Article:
While contracting an infectious disease is the last thing you’d expect when tucking into a healthy frozen snack, as recent headlines across the nation can attest, this is reality – imported foods can bring imported viruses with them. In this case, it was hepatitis A.
When asked if the glass of water (or wine, as I prefer to imagine it) is half full or half empty, there has never any doubt in my mind as to the correct answer – it is both at the same time. Is it right to judge the optimist for thinking it half full, or the pessimist for thinking it half empty, given I approach the question from a different (realist) point of view? Of course it is. The mere existence of different beliefs about the nature of the glass of water does not preclude the existence of an objectively correct answer.
The Internet has revolutionised the way we communicate, right? It’s brought us all together and enables instantaneous knowledge transfer between people who would otherwise never meet? Well, on paper, sure.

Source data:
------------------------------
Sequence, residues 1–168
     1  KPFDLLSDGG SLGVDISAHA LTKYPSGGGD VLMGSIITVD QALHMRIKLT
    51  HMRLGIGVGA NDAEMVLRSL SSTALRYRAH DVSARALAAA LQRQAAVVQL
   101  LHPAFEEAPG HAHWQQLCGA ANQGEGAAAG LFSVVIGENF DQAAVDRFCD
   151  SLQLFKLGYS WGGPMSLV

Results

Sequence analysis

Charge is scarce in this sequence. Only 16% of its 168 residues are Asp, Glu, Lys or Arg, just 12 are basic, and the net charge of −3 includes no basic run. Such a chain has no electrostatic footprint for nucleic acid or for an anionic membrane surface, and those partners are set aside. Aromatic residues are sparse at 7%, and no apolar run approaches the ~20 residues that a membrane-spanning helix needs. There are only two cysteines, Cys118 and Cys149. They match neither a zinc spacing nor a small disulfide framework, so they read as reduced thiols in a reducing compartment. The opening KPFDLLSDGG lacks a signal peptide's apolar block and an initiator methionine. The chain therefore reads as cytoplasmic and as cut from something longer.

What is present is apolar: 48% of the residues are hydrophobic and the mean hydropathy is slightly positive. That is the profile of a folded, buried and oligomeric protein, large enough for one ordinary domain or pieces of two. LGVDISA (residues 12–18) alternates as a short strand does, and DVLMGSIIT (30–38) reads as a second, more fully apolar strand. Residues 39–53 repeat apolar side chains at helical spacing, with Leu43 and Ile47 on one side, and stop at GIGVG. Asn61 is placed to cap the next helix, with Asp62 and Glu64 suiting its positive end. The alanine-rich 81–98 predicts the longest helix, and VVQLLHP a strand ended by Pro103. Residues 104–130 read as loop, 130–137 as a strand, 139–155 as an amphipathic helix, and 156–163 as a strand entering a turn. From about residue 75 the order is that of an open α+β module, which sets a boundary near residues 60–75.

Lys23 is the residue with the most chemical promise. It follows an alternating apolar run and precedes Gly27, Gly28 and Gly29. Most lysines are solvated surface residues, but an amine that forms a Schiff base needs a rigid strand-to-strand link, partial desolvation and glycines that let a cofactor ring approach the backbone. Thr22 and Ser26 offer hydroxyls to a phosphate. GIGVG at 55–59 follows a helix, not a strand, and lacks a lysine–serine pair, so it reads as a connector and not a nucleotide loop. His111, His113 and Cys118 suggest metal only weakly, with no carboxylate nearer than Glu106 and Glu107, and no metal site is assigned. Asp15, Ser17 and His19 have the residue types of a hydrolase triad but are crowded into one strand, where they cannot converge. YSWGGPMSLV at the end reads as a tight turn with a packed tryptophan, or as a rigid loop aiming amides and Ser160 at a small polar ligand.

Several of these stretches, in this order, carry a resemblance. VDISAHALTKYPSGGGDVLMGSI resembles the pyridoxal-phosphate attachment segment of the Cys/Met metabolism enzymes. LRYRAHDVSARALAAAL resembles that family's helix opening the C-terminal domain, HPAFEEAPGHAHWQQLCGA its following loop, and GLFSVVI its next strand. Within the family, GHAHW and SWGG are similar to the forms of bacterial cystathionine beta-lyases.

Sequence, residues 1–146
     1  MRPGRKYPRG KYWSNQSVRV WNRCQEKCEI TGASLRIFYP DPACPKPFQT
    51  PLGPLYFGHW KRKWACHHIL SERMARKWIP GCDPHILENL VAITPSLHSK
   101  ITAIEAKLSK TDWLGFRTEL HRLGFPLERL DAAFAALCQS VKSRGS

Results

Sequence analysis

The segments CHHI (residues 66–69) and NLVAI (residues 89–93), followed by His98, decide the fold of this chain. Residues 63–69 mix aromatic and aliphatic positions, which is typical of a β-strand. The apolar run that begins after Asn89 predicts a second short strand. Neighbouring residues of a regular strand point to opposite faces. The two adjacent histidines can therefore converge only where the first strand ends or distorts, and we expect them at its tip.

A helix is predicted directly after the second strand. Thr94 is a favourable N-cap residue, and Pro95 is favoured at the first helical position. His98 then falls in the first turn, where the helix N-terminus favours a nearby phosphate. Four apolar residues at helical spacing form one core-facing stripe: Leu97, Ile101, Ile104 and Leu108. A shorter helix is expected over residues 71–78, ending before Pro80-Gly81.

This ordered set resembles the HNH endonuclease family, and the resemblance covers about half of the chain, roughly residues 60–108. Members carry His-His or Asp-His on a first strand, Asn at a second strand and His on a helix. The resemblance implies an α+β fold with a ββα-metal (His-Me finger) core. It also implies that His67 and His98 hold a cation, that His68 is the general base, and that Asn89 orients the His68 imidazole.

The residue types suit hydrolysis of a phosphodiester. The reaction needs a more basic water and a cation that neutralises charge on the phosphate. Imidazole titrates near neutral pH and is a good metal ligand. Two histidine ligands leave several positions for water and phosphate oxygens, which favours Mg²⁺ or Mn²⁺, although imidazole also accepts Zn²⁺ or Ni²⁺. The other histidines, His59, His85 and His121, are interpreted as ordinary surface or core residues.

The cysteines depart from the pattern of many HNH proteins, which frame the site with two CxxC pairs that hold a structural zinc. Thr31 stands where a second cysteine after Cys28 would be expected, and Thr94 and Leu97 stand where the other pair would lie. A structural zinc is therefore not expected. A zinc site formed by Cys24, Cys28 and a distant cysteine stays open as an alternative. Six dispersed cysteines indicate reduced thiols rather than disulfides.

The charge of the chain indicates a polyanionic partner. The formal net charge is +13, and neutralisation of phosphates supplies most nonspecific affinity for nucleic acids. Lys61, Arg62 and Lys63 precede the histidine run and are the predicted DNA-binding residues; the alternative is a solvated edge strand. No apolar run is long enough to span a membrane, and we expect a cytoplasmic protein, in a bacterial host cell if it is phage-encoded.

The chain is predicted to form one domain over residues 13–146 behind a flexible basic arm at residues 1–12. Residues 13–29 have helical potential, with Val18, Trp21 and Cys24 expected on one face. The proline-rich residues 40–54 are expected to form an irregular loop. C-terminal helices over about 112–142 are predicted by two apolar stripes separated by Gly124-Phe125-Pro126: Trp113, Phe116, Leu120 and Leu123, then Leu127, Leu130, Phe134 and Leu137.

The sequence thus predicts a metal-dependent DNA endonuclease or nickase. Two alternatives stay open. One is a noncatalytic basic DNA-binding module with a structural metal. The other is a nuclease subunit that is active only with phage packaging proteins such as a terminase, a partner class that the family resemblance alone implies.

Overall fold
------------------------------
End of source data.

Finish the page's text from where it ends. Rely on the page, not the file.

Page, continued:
Barbie was very disgruntled when she woke up in the dollhouse. Everything smelled of vinyl and was so obliteratingly shiny, she had to wear sunnies indoors. Her stomach, despite its negligible size, was gurgling like a sewer monster, and Ken…
This week on Science Saturday, I get a big gay(er than usual) and talk a bit about how biology and natural selection might explain different forms of human sexuality.
Sleek designs, marketing brilliance and awe-inspiring technology are all behind Apple’s soaring popularity. On top of this, the company boasts of eco-friendly products, but a closer inspection may reveal more cunning tactics. One of Apple’s green initiatives, the Environmental Product Reports,…
It’s approaching Christmas time! Or the Holiday Season if you prefer, I guess. Whether or not non-religious people should celebrate a holiday that has roots in religious traditions is another topic entirely… but I do want to focus on one aspect of Christmas — teaching children about the existence of Santa Claus. Does this activity harm children, in the sense that they may be more open to suggestion about the existence of other non-existent beings, or does the inevitable realisation that they have been lied to make them more skeptical as adults?
The skeptical community is fighting an uphill battle in spreading the word about science and critical thinking, but why? Could the general public really be that resistant to learning about these topics, or could the issue lie more with the way the skeptical movement is perceived?